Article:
All this week New Hampshire Public Radio is speaking with candidates for governor. Today we’re hearing from Libertarian Jilletta Jarvis. On Morning Edition, she spoke with NHPR’s Rick Ganley about health care policy. She joined All Things Considered host Peter Biello to discuss economic policy.
So let's start with business taxes. Some say that because the state lowered business taxes that's contributed positively to New Hampshire's economy. What do you think? Should business taxes be further lowered? Should they stay where they are? Should they go up a little bit? What do you think?
I like the fact that we've lowered them and that they're going to continue to lower throughout the next several years due to the bill that was passed in 2017. I would also like to see a new program that I've proposed for the small businesses in New Hampshire, for new entrepreneurs who are starting a business. We have what I'm calling a five year tax ramp-up period where in your first year as a new business, a new entrepreneur, you are paying no taxes on your business profits. And then the second year you'd pay one quarter because we pay quarterly for business profit, and continue in that vein until you're at your fifth year where you'd pay your full tax liability. The state would not be losing money on this because these businesses did not exist previous. It would give these small businesses a chance to actually become successful and to grow into their business, to give them a chance to start looking for customers to build that base.
The governor has said recently that the state, "has more money than it knows what to do with." He cited a $150 million surplus. Is there anything that you would spend that money on as governor to give the economy a boost?
I would like to spend some of it on bringing down our unfunded liability for our state employee retirement plan. We currently have a $5.1 billion deficit in that area. So whenever our government tells us that we have a surplus, that bothers me because, not truly. We have a deficit in the billions in our retirement plans that we have made a contract, we've made a promise that we are going to pay these people this amount of money and then we can't hold to the promise because the contracts that we made were bad.
Do you believe that will have a broader economic effect on New Hampshire’s economy?
I think it will because when you have people and they're all getting to the point of retirement and we're paying out to them, eventually it won't be sustainable. We will not be able to cover those costs. We're going to have to pull from every other area in order to do it which means that those surpluses will be completely gone.
Let's talk about wage growth a little bit because some have said that, yes, there are more jobs to be had out there, but they're not necessarily high paying jobs. What would you do as governor to increase the availability of higher paying jobs in the state?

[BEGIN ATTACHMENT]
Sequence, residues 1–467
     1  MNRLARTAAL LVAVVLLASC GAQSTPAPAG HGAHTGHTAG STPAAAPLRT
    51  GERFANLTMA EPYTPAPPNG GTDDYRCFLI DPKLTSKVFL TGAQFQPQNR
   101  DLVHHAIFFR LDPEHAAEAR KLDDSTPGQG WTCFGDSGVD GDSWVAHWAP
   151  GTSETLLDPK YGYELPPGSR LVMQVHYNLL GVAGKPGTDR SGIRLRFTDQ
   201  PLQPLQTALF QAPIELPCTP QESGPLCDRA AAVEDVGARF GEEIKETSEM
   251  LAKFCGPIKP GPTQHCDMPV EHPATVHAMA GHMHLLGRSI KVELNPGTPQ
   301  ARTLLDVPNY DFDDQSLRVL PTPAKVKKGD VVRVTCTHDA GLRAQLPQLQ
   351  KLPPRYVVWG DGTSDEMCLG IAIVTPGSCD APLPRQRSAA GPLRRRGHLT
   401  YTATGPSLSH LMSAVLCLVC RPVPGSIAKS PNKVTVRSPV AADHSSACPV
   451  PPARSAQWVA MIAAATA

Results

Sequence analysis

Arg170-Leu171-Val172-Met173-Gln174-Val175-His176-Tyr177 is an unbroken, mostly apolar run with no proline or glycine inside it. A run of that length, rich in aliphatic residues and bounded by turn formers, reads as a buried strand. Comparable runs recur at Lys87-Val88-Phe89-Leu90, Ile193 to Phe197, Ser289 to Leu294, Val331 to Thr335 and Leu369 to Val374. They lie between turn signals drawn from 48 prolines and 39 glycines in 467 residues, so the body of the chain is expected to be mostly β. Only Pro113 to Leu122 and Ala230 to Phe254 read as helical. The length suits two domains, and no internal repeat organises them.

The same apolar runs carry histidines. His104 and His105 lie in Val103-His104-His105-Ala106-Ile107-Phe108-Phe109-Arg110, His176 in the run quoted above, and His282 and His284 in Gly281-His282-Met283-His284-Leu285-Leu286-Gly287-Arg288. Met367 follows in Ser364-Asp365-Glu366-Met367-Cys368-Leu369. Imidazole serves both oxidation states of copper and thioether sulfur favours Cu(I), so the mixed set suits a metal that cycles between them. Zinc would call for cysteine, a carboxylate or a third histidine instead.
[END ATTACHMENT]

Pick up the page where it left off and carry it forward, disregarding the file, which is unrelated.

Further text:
One of the ways that we can do that is another tax incentive for high tech jobs because those are the ones that pay more, and a tax break for film industry jobs. When Georgia did that they brought in billions of dollars a year for people who wanted to come in and use their old villages to make movies. We have amazing scenery here. So, if a film crew wants to come in and make a movie using the film background of New Hampshire, that's something we should support. Another industry that we could use in New Hampshire is by legalizing hemp which is an environmental godsend that we are currently keeping away.
Where do you stand on the minimum wage? Should New Hampshire have a minimum wage above the federal minimum?
No, I don't agree with minimum wages. We have seen companies increase their minimum wage voluntarily because of the demand for an increase in minimum wage. I think that's really the way to go because then they increase their minimum wage when they're able to sustain those employees instead of forcing employers who can't sustain that. I would rather see that people who are earning the minimum amount that an employer will be able to give keep their jobs than have a few people laid off so that other people can have a higher minimum wage.
The lack of availability of affordable housing is still making it hard for young people to buy homes and get established here. What role can the state play in making housing more affordable?
The state can play the role of fixing education funding because it's the taxes in an area that scare people into not allowing more lower income housing in their towns. If we were able to lower our property taxes by fixing our education funding then more people might be willing to allow the zoning changes to allow multi-family homes in their communities. That would help our new home owners are our new renters and our elderly who are on fixed incomes now.